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Digital Archive International History Declassified

2004

THE MITROKIN ARCHIVE - A NOTE ON SOURCES

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    A note on sources contextualizing the Mitrokhin Archive. Please read this first in order to understand the nature of the material.
    "The Mitrokin Archive - A Note on Sources," 2004, History and Public Policy Program Digital Archive, First published in CWIHP Bulletin 16. http://digitalarchive.wilsoncenter.org/document/112821
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In 2001, Vasili Mitrokhin, a former KGB archivist who had defected to the United Kingdom after the fall of the Soviet Union, approached the Cold War International History Project about making available to the general historical community the materials he had collected.

Most of these materials consist of notes which Mitrokhin had copiously assembled while he worked in the archives of the KGB First Chief Directorate in Yasenevo, outside Moscow. Mitrokhin had moved from the operational side of the FCD to its archives in late 1956, where it was his job to respond to requests by other departments. Influenced by the bloody suppression of the Prague Spring in 1968 and the dissident movement--all of which he could follow through the files he administered as well as Western records--Mitrokhin became increasingly disaffected with the KGB. By the early seventies he had decided to compile his own account of the KGB’s foreign operations, a project that became feasible when he was put in charge in 1972 of the movement of the FCD archives from the KGB’s headquarters at Lubyanka in central Moscow to Yasenevo southwest of the capital Moscow.

The materials are being made available by the Cold War International History Project for publication in its “Vasili Mitrokhin Archive,” integrated in CWIHP’s Virtual Archive at http://www.cwihp.org.

Vasili Mitrokhin would be the first to point out that his notes captured only a small part of the totality of documents; his decade-long work in the archive was a "massive filtering exercise," with a flood of documents coming through his hands on a daily basis. The documents he saw were mostly informational cables from the First Directorate to the Politburo and Foreign Ministry, a copy of which went to the archives after a month. By no means are the materials therefore a complete record. Moreover, while striving to stick to the facts, Mitrokhin has stated that "I wrote it in a hurry, and as a result certain notes which I wrote to accompany my account took on an emotional tone, creating a rather unbalanced narrative." This, the author explains, was "a way of expressing my personal perception of events and my rejection of the criminal intentions, calumnies and deeds of the Soviet nomenklatura."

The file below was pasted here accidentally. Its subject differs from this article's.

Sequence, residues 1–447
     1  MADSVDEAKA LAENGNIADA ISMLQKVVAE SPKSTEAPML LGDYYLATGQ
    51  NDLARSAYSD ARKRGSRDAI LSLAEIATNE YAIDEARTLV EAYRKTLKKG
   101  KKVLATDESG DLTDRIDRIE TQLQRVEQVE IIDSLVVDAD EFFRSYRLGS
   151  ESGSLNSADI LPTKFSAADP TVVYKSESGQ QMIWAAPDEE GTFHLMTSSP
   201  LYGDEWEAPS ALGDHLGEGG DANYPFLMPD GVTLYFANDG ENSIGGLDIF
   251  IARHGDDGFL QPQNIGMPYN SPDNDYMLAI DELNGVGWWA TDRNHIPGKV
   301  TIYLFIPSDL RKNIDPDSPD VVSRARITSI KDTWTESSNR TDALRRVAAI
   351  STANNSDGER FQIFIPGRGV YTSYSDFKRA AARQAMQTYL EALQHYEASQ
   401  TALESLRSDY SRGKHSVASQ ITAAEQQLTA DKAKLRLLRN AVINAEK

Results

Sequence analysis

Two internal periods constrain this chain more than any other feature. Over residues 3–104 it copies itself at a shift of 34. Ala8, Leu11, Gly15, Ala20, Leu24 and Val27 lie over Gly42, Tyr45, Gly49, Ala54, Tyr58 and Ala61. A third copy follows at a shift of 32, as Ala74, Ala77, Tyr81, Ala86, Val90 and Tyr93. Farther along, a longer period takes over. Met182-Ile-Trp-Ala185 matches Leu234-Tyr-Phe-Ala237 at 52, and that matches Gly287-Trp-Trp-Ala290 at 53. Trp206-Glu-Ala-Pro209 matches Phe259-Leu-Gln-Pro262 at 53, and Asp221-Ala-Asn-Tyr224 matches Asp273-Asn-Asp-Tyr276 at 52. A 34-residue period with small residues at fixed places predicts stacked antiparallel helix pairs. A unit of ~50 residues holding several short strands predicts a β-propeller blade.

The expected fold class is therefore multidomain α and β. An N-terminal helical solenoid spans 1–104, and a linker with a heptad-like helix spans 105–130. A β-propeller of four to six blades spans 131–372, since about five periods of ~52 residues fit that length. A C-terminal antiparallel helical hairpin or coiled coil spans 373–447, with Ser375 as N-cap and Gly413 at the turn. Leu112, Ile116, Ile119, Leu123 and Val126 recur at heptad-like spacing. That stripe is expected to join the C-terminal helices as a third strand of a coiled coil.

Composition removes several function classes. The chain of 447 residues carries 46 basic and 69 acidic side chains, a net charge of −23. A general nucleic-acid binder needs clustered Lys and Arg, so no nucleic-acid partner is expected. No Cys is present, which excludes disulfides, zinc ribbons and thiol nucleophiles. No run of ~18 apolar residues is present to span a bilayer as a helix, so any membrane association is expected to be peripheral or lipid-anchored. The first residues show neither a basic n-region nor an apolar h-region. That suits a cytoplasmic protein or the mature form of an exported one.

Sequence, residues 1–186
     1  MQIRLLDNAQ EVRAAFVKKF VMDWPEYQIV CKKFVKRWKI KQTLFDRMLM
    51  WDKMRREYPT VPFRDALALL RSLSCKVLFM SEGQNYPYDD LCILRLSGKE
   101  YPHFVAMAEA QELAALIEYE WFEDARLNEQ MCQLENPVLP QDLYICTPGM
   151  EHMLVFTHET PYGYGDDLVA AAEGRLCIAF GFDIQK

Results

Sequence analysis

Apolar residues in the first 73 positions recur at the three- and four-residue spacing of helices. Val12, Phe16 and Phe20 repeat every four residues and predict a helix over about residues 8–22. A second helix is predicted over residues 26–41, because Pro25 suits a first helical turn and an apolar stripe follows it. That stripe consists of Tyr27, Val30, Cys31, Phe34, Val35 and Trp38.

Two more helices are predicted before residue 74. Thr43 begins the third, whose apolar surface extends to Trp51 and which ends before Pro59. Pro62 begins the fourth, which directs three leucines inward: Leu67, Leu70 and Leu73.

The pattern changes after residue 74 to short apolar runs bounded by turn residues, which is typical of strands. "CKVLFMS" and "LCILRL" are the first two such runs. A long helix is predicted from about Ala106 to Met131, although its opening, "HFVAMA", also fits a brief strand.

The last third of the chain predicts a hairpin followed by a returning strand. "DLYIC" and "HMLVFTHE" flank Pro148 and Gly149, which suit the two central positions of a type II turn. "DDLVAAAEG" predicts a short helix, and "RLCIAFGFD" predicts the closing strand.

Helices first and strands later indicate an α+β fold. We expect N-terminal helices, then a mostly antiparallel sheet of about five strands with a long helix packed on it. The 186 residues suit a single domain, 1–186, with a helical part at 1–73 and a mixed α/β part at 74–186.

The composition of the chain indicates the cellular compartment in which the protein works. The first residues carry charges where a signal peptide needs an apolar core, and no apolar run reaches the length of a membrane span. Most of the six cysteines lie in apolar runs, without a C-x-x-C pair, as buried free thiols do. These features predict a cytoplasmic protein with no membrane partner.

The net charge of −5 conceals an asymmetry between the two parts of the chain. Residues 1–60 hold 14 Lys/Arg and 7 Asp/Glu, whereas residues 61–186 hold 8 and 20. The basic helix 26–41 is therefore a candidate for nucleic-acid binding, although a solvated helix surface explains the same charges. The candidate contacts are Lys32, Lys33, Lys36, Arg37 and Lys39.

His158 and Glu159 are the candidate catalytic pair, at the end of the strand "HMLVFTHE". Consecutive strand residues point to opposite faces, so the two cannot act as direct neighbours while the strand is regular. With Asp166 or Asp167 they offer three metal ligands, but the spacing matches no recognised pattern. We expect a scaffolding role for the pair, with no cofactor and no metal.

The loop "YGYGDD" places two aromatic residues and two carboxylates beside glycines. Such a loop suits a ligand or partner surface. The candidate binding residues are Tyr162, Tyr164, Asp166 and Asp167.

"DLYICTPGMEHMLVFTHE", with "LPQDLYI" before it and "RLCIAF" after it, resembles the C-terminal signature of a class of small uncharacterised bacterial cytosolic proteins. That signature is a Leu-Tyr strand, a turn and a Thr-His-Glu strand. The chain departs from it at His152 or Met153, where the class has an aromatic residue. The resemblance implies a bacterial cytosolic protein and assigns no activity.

All the Archive material is ultimately derived from contemporaneous manuscript notes made by Mitrokhin as KGB documents passed through his hands in the Archive Department of the KGB First Chief Directorate (Foreign Intelligence) -- the FCD.

The source material falls into three broad categories:

  • Top Secret FCD and Directorate S ("Illegals") files;
  • Secret background papers and manuals held in the restricted-access FCD Operational Library;
  • Articles taken from the Sbornik KGB, the secret KGB in-house quarterly journal containing (sanitized) case histories and success stories for the edification of the staff.

After his retirement in 1984, Mitrokhin organized his manuscript fragments (initially roughly sorted in dozens of brown envelopes) to compile a series of volumes dealing with KGB activities in various key area of the world: Afghanistan, Iran, Pakistan, India and subsequently the USA and the UK. All these volumes were typed out by Mitrokhin himself in the Soviet Union (and eventually brought out by him to London in 1992).

As each volume was completed, the underlying manuscript notes were systematically destroyed by Mitrokhin, primarily for security reasons, but also to avoid inadvertent duplication.

In London, the 8 geographical volumes were rapidly scanned and roughly translated, to provide raw reports and pointers for more detailed investigation. The present English rendering is provisional, unedited and contains passages which may have to be withheld for legal reasons. Any cuts eventually made in the English text will equally have to be made in the Russian original.

Besides the geographical volumes, Mitrokhin produced 2 volumes of case histories, also typed by him in the Soviet Union (and subsequently incorporated in the "Chekisms" Anthology).

He also brought over 27 large envelopes crammed with manuscript fragments covering aspects of the KGB's work which could not be fitted in the Moscow-typed volumes.

Much (but not all) of this manuscript material was typed out by Mitrokhin in London, and subsequently translated and analysed. It has extensively been used as source material for the Penguin Mitrokhin Archive Volumes I and II
[1] and may also appear in the "Chekisms" Anthology, now in preparation.

[1] See Christopher Andrew and Vasili Mitrokhin, The Sword and the Shield: The Mitrokhin Archive and the Secret History of the KGB (New York: Basic Books, 1999); and Andrew and Mitrokhin,The World Was Going Our Way: The KGB and the Battle for the Third World (New York: Basic Books, 2005).